Case Study (Cystic Mass)

5 year old golden presented with gingival swelling around the maxillary canine.

Image 1.
Click to view larger image
 

Image 2.
Click to view larger image
Here are the films
 
Image 3.
Click to view larger image
Here are some more films
 

Image 4.
Click to view larger image
Last film
 

Here is some information on cysts.

A cyst is composed of three structures: a central cavity (lumen), an epithelial lining, and a outer wall (capsule). The cystic cavity usually contains fluid or semisolid material such as cellular debris, keratin, or mucus.

Odontogenic cysts occur from a disturbance of normal odontogenesis and are categorized by the stage of tooth growth where the cyst forms.

Periapical (radicular) cysts - also referred as apical periodontal cysts, develop at the root apex of an erupted tooth whose pulp has been devitalized. The etiology of periapical cysts usually begin with blunt trauma, causing pulpal necrosis, apical granuloma and cyst formation. Radiographically, a radiolucent area associated with the apex is noted. Treatment is extraction or root canal therapy. Dentigerous cyst-surrounds the crown of an impacted, unerupted, or impacted secondary tooth. The crown is inside the cyst, root outside. Dentigerous cysts may expand into adjacent bone, move adjacent teeth, and /or resorb roots in the area. Neoplastic transformation to ameloblastoma and epidermoid carcinoma is possible.

Eruption cyst-surrounds the crown of an erupted tooth. Treatment involves surgically incising the cyst from the crown.

Follicular cyst-dilation of the normal follicular space around the crown of a tooth that is unerupted or impacted. Radiographic findings show the crown of an unerupted tooth contained in the radiolucent area while the root(s) is anchored in alveolar bone. Clinically the enamel will be completely developed in a follicular cyst.

Treatment is surgical removal of the unerupted tooth and curettage to remove the cystic wall. The defect can then be filled with bone grafting material.

Another radiograph, I was concerned about the periapical lucency of the mesial second premolar root also

Image 5.
Click to view larger image
 

The diagnosis is a radicular cyst. Treatment extraction of the affected tooth or root canal therapy, exposure and removal of the cyst and fill defect.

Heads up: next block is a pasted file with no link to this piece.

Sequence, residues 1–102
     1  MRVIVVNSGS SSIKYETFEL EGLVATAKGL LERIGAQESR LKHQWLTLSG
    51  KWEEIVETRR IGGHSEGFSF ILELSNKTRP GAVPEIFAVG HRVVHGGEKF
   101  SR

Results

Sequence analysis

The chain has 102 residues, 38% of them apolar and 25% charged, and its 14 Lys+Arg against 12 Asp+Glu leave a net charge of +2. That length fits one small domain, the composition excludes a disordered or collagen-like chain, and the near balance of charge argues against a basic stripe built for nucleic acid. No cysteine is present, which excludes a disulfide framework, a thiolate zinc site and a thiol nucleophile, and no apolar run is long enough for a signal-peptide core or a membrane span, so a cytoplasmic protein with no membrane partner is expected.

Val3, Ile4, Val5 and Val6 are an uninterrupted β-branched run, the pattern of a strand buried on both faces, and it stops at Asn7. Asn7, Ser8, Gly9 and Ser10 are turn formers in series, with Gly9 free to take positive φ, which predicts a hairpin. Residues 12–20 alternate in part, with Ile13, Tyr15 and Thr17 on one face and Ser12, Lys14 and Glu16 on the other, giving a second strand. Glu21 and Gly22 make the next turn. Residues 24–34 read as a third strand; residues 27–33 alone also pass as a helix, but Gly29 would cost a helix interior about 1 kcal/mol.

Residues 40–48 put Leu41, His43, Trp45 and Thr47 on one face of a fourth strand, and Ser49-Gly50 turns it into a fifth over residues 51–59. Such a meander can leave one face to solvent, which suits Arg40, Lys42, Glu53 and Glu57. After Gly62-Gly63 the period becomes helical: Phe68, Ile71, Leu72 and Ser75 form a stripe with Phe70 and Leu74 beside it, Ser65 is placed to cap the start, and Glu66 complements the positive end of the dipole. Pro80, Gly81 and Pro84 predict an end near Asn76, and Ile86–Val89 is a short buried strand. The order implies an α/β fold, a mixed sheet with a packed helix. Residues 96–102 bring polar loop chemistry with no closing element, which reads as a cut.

Image 6.
Click to view larger image
 

I only extracted first premolar and filled defect with Consil.

Image 7.
Click to view larger image
 

Closure

Image 8.
Click to view larger image
 

Apex on the first premolar appeared abnormal on radiograph and clinically. Chose not to extract 206 because distal root periapical area looked normal, and owner agreed to bring back for follow up radiographs. Mesial periapical area around the second premolar looks suspicious.

Refer to associated Dentistry Board discussion

Table of Contents
Dental Encyclopedia
Jan Bellows, DVM, AVDC, ABVP

Also, check out
The Smile Book III
A text on Canine Periodontal Disease Diagnosis and Therapy
1. Introduction
2. Dental Anatomy
3. Endodontics
4. Orthodontics
5. Periodontics
6. Crown Preparation
7. Feline Dentistry
8. Dental Pediatrics
9. Exotic Dentistry
10. Jaw Fractures
11. Radiology
12. Instruments
13. Materials
14. Equipment
15. Professional Teeth Cleaning
16. Developmental Abnormalities
17. Oral Surgery
18. The Dental Chart
19. Dental Terminology
20. Case Study (endo-perio)
21. Case Study (Avulsed tooth)
22. Case Study (Fractured Premolar)
23. Case Study (Interesting Kitty Case)
24. Case Study (Reason to Radiograph)
25. Case Study (Crown reduction)
26. Case Study (Ouch)
27. Case Study (Cystic Mass)
28. Case Study (Oral Nasal Fistula)
29. Case Study (TM Ankylosis)

 



Copyright 1997- All Pets Dental Clinic
No portion of this site may be copied without authorization.
If you have any questions about the site, or are referencing it in an article or other website, please notify the webmaster.

Jan Bellows, DVM
All Pets Dental Clinic
17100 Royal Palm Blvd.
Weston, FL 33326
(954) 349-5800
dentalvet@aol.com